Once, I shared a draft of Bomji the Rabbit and Spotty the Cat with a Vietnam veteran who still suffered from the shame of freezing and wanting to run away in a major battle. In reality, he successfully executed his duty; however, he had a hard time forgiving the “weak” part of him. Understanding that motionless defense (e.g., freeze and collapse) is just as natural and valuable as active defense (e.g., fight and flight) brought him a tremendous sense of relief.

Another time, I shared the same story with a teen girl who engaged in self-cutting as a way to cope with inner turbulence. She was able to identify how she also froze when her external environment became too overwhelming and out of control. She was then able to find her own metaphor for her own fearful, vulnerable part without engaging in blaming.

Helping the reader to accept all the different parts of themselves is what we want these books to achieve, through revelation of the development of self-compassion. Before we can accept our angry fighting part as well as our frozen fearful part, it is helpful if we start seeing these natural capacities as our bodies’ hidden strengths. The act of self-compassion includes recognizing the diverse, creative survival strategies in our bodies. Yes, we are fundamentally resilient, even when we are young and small. Our bodies have always possessed these hidden strengths!

For more information, author events, and to follow the Hidden Strengths Series, check out the authors’ Facebook: https://www.facebook.com/AnneWestcottandAliciaHu/

 

 

 

 

30 Years of Social Change: read the foreword by Jessica Kingsley

30 Years of Social Change

Published to celebrate the 30th anniversary of Jessica Kingsley Publishers, 30 Years of Social Change gathers together over 30 leading thinkers from diverse disciplines – from autism specialists and social workers through to trans rights activists and complementary therapists – to provide a thoughtful account of how their field of expertise has changed over the past 30 years, and how they see it evolving in the future.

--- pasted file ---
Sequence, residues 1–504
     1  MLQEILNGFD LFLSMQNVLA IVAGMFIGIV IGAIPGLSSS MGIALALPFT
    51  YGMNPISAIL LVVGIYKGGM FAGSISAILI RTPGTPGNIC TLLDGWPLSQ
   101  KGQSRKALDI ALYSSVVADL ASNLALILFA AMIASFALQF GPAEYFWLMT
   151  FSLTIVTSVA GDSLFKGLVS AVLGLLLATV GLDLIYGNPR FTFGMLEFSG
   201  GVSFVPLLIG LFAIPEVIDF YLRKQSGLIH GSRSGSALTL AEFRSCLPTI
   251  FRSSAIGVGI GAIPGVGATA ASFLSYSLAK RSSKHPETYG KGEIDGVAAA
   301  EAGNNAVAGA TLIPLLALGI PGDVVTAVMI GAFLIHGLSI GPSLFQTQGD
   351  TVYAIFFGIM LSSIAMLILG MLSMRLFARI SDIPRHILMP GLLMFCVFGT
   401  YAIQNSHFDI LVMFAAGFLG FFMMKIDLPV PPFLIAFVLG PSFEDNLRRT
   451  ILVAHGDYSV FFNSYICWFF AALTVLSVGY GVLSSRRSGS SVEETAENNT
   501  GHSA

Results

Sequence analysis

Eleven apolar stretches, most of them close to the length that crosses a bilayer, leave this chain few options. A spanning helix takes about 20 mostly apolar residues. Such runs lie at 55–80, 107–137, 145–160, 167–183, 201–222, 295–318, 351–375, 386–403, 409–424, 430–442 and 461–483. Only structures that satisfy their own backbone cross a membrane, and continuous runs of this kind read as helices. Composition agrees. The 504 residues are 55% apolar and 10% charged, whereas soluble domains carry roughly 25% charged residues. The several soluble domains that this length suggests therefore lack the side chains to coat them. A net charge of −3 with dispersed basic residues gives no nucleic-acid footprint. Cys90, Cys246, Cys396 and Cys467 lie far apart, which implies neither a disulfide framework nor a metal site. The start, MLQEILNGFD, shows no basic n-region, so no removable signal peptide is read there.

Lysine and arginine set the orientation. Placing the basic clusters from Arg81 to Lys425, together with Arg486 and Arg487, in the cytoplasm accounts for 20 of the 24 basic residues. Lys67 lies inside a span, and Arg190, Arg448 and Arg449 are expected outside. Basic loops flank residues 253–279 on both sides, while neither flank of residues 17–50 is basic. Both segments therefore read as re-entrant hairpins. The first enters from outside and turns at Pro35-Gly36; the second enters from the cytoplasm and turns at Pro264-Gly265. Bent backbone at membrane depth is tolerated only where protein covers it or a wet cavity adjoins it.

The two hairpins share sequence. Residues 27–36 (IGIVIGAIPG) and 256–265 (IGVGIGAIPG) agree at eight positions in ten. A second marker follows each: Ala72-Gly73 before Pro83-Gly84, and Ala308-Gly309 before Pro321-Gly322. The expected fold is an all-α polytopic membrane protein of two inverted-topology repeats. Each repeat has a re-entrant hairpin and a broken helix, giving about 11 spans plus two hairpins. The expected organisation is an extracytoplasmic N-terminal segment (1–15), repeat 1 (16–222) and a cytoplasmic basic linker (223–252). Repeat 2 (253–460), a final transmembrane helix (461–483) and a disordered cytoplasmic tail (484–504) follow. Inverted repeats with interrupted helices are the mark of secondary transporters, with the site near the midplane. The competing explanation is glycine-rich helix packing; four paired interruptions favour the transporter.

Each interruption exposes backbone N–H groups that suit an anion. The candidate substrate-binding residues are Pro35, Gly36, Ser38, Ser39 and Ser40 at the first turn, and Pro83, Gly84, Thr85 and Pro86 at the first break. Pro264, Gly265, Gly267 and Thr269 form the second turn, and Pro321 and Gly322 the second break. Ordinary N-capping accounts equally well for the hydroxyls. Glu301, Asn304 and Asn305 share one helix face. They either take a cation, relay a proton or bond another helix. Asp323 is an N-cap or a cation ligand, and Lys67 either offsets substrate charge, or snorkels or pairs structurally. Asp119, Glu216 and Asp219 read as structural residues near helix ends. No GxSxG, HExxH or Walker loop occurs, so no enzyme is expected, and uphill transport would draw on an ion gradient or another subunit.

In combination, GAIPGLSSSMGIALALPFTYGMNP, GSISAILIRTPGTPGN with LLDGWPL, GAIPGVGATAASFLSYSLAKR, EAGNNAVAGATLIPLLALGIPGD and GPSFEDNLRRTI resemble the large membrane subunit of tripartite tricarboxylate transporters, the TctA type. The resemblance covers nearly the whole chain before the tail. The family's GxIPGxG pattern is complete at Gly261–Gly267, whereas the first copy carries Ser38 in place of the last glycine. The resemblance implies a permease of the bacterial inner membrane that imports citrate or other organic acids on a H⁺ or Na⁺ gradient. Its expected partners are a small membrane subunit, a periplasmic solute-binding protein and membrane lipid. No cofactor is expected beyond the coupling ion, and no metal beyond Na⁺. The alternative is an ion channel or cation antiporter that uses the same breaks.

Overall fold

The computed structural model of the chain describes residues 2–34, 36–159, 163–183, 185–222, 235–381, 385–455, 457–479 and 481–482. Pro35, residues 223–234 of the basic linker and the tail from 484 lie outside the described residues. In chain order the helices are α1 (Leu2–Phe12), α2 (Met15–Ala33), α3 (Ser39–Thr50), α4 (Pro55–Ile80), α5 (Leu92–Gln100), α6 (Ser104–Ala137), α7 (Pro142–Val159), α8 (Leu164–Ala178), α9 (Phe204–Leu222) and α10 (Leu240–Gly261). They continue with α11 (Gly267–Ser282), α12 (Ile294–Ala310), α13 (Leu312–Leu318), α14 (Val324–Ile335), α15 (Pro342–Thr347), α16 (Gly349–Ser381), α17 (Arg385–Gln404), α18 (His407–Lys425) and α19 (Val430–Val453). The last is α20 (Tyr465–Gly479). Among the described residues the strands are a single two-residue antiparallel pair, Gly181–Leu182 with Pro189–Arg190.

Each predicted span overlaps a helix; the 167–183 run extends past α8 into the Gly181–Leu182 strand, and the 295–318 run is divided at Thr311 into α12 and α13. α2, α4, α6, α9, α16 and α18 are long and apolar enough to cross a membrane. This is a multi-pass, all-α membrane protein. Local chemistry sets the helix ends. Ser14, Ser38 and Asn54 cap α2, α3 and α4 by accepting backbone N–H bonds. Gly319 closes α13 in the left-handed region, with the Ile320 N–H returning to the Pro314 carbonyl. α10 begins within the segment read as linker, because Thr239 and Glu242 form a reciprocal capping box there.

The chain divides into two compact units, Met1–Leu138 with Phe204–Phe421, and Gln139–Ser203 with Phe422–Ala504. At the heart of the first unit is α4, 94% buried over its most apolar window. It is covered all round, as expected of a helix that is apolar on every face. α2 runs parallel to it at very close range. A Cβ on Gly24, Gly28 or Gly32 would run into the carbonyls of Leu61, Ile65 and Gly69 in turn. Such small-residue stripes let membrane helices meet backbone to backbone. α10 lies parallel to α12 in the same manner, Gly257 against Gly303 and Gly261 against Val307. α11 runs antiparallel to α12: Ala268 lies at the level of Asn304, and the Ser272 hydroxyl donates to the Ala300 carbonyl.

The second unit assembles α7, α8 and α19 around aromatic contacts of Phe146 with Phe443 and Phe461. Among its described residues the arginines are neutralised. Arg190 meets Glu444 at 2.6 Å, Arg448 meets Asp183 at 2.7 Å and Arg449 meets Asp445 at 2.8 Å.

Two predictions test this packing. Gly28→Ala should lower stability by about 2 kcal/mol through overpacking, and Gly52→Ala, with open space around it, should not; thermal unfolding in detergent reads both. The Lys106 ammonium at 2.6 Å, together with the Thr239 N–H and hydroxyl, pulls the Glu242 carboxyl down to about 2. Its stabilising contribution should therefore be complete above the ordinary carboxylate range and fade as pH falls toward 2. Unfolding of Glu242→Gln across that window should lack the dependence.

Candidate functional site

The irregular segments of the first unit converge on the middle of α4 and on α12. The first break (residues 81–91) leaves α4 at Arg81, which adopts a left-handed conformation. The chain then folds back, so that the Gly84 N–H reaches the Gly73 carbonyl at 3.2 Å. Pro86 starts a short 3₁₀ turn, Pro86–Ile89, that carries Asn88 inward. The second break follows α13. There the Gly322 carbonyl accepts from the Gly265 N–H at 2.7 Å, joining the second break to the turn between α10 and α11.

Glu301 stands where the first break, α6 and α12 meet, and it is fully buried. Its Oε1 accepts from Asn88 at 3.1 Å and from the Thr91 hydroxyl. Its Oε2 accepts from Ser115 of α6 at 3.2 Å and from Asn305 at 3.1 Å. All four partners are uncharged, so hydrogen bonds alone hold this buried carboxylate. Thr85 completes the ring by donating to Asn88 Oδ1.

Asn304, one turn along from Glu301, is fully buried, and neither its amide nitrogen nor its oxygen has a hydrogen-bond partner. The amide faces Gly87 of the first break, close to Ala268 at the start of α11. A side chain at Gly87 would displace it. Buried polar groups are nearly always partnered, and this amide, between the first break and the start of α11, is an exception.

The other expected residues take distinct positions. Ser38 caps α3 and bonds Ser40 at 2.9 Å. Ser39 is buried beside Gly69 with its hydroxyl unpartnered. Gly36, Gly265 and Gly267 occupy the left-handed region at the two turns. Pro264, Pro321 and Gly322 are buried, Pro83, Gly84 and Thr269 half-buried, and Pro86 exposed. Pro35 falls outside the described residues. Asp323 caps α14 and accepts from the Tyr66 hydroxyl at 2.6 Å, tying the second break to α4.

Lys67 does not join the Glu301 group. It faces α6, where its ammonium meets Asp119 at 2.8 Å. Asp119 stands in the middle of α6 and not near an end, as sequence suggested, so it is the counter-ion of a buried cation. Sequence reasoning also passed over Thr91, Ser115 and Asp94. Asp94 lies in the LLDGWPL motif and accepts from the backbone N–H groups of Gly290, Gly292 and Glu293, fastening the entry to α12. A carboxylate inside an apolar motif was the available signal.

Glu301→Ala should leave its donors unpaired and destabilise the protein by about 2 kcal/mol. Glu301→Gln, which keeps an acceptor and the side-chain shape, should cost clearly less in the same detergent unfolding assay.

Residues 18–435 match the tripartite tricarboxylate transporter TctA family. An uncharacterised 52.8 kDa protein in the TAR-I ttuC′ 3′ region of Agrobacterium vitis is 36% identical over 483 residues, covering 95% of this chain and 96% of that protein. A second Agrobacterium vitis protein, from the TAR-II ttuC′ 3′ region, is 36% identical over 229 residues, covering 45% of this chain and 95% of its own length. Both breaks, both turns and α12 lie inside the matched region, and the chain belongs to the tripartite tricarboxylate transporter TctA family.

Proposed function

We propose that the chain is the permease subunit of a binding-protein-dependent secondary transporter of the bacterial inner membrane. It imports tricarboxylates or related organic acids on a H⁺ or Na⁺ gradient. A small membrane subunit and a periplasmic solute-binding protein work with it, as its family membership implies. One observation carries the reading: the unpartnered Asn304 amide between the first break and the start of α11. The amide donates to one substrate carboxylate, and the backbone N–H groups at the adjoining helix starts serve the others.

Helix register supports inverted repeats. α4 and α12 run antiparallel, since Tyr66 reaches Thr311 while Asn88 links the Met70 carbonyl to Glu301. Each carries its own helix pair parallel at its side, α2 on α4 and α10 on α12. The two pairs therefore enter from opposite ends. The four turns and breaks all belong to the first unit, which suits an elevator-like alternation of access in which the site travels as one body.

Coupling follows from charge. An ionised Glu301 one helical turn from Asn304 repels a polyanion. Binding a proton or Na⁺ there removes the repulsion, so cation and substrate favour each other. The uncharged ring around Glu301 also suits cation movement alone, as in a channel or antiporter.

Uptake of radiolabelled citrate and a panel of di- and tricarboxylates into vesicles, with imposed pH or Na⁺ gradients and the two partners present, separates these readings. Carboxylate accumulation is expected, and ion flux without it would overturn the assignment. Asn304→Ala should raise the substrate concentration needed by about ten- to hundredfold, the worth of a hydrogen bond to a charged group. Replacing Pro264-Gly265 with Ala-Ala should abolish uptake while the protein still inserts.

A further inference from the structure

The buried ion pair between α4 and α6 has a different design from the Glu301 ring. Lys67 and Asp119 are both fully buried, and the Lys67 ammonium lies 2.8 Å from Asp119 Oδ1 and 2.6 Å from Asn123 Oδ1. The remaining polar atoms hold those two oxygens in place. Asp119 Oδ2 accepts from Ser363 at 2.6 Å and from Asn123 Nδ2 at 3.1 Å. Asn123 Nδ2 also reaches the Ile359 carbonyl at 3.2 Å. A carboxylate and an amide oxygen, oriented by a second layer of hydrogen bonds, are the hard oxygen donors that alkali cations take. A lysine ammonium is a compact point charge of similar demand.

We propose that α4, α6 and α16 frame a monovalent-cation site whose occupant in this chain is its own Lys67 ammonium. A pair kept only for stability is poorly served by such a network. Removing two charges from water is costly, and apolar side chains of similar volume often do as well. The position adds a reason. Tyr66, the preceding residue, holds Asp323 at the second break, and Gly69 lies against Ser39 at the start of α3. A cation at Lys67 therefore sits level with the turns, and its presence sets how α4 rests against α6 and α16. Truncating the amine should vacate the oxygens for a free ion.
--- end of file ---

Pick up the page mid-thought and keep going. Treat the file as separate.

Here is Jessica Kingsley’s foreword to the collection:

“Thirty years is an arbitrary period – a bit more than a generation, a bit less than a working lifetime. This small book marks 30 years of publishing here at JKP, in and around the social and behavioural sciences, with the increasingly explicit goal of helping to create positive social change. Continue reading

Sally Donovan reflects upon her journey as an adoptive parent and discusses adoption’s place in the future

adoption futureSally Donovan, bestselling author of No Matter What and The Unofficial Guide to Adoptive Parenting, recounts how her journey as an adoptive parent has changed and shaped her as an individual, and discusses adoption’s place in the future. Her article is taken from 30 Years of Social Change which gathers together over 30 leading thinkers from diverse disciplines to reflect upon how their fields of expertise have evolved during those years.

Thirty years ago, as Jessica Kingsley Publishers was being formed, I was 18 and about to embark on my first experience of parenting. After finishing sixth form college I took the Eurolines coach to Paris and started work as an au-pair for an Anglo-French couple. He was a floppy-haired British banker who had something of a blonde Hugh Grant about him and she was a beautiful Parisian who spoke English like Princess Diana. I lived with them in their rented house just off Place Charles de Gaulle and cared for their 1 year-old son Pascal. It was kind of normal back then to go to a foreign country, move in with people you knew virtually nothing about and, with no experience, look after their precious child. Continue reading